2) Set goals for yourself financially, and make sure at least one is attainable in the short term. Why do you want to be successful with personal finance? Do you dread the thought of living paycheck to paycheck like ~75% of Americans (I can’t believe this number), do you aspire to a life on the beach at age 35, or are you simply looking to have some financial freedom in life? Maybe you want the ability to work in a field that is not necessarily the highest paying but, for you, is the most rewarding? Whatever the reason, identify it. This is your big overarching goal, the one you’ll constantly work towards until it’s achieved.


With the major goal identified, let’s take the gaze down from the stars and onto the path we’re currently walking. One thing I’ve learned is that no matter the subject, if you can’t accomplish victories (regardless of size) along a journey, then it becomes difficult to stay the course. So what can we do about stacking the deck in our favor? Now that you’re earning an income you’ve given yourself some options. Maybe you’d like to save a certain amount of cash for a rainy day or perhaps you want to pay your own way through school? Is there a concert you’d love to see or do you want to save up for a car? Heck, maybe you’d love to earn your first hundred dollars? Depending on the income you’re earning and the cost of some of these items, many can be achievable in a few weeks/months.


I’ll relate this to the story of our family’s student loans. After Monica (my wife) and I got through both undergraduate and graduate/professional school, there were about 15 or so individual loans comprising a large, six figure, sum of money. The interest rates were all pretty similar, meaning there wasn’t much financial incentive to pay one off before the next. There was one difference though. A couple loans were a few hundred dollars, some were a few thousand, and others were in the tens-of-thousands range… We decided to pay a little extra each month and eliminate the lower balance loans. Now, when  looking at our balances we’re down to 10 loans rather than the original 15. This has financial implications I plan to get into with later posts but aside from that, every time we visit that website we see the 5 loans at zero balance. They’re paid in full. It makes me smile every time I log in. In working toward our ~10 year goal of paying off this gigantic sum of money, we’re achieving victories along the way. Each time we are able to pay a loan off, no matter the size, we make sure to acknowledge what was accomplished and have a little celebration. It’s a tremendous feeling that fuels us for the next leg of the journey.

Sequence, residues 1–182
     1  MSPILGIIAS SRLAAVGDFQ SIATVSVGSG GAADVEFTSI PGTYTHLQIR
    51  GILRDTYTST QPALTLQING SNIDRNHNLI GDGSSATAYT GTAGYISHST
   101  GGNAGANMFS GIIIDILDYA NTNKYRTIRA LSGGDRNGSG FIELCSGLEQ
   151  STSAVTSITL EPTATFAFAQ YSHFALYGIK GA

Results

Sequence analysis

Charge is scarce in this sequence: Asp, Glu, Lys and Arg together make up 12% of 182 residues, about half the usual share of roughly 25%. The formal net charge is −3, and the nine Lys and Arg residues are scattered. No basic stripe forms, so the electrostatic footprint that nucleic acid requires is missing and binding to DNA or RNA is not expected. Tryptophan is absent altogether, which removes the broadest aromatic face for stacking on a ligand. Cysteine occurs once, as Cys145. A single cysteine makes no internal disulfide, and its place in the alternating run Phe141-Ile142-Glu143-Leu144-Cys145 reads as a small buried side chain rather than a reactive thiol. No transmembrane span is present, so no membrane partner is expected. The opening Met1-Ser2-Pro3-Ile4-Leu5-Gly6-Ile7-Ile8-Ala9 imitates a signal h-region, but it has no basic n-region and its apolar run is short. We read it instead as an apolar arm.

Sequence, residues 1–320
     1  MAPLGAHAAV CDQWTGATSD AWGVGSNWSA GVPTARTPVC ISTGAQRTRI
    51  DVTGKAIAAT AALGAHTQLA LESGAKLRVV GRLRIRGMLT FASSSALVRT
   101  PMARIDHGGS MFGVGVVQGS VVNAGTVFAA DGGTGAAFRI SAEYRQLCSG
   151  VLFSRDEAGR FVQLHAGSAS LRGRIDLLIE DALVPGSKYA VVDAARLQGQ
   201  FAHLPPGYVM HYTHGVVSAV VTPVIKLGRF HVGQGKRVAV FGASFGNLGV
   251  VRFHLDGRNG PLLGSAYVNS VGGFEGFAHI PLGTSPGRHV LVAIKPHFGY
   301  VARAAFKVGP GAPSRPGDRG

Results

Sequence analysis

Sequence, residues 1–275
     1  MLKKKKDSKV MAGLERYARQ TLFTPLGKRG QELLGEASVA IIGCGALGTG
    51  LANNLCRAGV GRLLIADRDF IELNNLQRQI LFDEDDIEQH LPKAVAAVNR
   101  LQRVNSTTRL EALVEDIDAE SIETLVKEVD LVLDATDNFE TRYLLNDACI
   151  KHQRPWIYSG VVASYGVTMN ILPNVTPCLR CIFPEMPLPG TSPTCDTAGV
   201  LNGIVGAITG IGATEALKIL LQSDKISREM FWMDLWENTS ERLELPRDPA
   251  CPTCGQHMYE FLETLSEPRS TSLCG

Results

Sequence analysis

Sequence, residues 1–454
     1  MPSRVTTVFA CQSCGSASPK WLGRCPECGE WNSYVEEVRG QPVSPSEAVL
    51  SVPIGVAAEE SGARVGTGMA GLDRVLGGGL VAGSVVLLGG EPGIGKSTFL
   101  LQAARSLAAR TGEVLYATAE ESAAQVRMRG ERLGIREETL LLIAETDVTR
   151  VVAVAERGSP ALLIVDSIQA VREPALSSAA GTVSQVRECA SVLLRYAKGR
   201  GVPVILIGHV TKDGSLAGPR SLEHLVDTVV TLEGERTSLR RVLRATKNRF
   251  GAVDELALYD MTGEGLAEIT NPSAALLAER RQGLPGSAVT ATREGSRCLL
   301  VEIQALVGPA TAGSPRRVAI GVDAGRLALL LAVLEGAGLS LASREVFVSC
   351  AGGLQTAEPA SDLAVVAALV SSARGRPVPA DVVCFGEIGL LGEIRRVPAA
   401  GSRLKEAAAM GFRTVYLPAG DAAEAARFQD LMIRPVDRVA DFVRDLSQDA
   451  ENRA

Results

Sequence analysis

In my family’s example and in your situation, it’s important to work toward a variety of goals. Whether you’re paying off loans, building your savings account, or saving for a trip, achieving a small goal along the way can help push you to stay focused on your long-term, overarching goal.


In this vein, some of the best leaders I know or have read about all have one thing in common… They are great motivators. They can push people to work harder or smarter toward a common goal. Be the best at motivating yourself. Learn what drives you and use that to set your sights on a prize. The process of holding yourself accountable to you can push you to achieve things you haven’t imagined. Tools outlined in the following posts will help provide you with a foundation to achieve your goals, financially and otherwise. So stay tuned, and good luck on the journey.


Thank you for reading! If you’d like to read about our other financial musts, check out Must Post 2, Must Post 3Must Post 4, or Must Post 5.